In praise of: James Trussart Steelcaster

Holey instruments played by guitar gods

James Trussart Steelcaster
This Steelcaster has been left to corrode before being sanded and finished

Maverick luthier James Trussart is keen on steel - it's the primary material used in his guitars' bodies, as seen on his most popular creation, the Steelcaster.

"Many models go through a process that Trussart player Billy Gibbons calls the 'Rust-O-Matic' technique"

Born in France, Trussart began his career in music as a Cajun fiddler in the late 70s, but soon developed a taste for guitar building. His first steel axes were completed in the mid-80s, including the Steelcaster, as he opened a guitar-repair shop in Paris.

Many models go through a process that Trussart player Billy Gibbons calls the 'Rust-O-Matic' technique - the guitar body is left to corrode in the great outdoors, before being sanded and finished.

The steel doesn't just affect the way Trussart's guitars look; their construction gives them more zing than a traditional T-type, with an almost resonator-esque tone.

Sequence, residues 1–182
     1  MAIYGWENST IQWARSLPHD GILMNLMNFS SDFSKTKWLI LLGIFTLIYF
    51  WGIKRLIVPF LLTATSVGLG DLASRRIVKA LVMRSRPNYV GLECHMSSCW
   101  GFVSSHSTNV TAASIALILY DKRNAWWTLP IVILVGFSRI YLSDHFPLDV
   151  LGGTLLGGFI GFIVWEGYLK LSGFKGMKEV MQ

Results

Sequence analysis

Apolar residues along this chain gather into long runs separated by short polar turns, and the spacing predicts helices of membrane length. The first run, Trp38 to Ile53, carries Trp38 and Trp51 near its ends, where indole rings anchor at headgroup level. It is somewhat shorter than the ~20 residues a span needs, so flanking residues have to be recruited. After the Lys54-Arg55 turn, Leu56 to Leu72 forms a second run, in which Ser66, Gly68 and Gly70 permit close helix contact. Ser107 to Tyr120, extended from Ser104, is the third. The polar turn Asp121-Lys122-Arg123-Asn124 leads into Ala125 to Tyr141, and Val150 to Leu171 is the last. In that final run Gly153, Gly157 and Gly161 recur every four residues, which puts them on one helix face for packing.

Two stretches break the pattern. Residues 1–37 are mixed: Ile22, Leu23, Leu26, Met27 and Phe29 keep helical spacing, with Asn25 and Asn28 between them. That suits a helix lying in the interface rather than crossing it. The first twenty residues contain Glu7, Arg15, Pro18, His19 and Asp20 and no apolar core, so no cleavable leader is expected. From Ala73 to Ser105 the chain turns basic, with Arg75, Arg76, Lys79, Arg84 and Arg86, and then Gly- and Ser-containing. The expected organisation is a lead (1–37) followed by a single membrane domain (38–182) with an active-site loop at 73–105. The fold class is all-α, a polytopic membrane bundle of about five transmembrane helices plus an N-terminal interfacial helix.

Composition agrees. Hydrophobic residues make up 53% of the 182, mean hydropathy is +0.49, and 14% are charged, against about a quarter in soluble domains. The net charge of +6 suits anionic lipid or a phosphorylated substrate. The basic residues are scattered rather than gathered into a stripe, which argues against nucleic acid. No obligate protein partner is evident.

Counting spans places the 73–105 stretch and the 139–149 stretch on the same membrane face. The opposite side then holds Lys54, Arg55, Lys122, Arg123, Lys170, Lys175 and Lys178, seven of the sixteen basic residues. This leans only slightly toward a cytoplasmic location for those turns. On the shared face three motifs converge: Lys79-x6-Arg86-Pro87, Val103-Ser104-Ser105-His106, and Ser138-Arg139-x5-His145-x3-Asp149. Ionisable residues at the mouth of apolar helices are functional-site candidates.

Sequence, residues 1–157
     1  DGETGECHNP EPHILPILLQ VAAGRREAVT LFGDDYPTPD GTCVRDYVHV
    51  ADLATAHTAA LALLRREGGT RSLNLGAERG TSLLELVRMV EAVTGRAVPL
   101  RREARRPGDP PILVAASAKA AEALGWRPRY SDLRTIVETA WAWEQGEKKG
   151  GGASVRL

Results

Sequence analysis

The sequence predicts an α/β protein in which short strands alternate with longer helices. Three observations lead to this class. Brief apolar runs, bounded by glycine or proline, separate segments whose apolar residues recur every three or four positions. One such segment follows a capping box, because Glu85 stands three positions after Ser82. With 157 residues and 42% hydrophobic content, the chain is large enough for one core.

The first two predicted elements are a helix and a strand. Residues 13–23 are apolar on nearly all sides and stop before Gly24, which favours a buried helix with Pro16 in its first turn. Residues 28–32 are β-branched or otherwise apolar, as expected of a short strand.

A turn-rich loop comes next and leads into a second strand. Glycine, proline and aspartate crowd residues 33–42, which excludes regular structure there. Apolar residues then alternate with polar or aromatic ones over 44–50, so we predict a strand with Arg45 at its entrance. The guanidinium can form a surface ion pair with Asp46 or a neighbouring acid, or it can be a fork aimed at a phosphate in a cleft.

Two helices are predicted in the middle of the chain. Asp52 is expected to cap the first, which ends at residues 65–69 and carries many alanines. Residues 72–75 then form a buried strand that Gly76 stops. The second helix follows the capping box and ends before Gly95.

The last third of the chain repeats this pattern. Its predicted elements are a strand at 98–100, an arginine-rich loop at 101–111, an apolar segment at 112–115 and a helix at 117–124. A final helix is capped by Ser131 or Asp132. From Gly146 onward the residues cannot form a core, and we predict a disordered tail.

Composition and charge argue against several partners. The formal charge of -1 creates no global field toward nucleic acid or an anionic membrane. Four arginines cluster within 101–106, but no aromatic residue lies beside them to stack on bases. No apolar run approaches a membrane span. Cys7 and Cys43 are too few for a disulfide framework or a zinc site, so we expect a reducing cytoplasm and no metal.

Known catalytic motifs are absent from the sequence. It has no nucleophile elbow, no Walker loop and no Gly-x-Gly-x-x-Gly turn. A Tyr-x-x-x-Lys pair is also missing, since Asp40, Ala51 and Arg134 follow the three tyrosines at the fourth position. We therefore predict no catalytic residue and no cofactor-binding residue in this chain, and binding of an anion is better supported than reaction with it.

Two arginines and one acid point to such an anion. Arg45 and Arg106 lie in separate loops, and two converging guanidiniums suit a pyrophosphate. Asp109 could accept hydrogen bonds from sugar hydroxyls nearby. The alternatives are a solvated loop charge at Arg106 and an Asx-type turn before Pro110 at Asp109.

Trussart now builds all his steel-bodied creations in Southern California, at close proximity to his rock-star fans, including James Hetfield, Tom Morello and Joe Perry, who all have a feel for steel.

James Trussart Steelcaster timeline


After years of experimentation, James Trussart builds the first Steelcaster.


Trussart opens a guitar-repair shop in Paris and continues to build new instruments.


Trussart moves his guitar workshop to Southern California.


A baritone incarnation of the Steelcaster is introduced.

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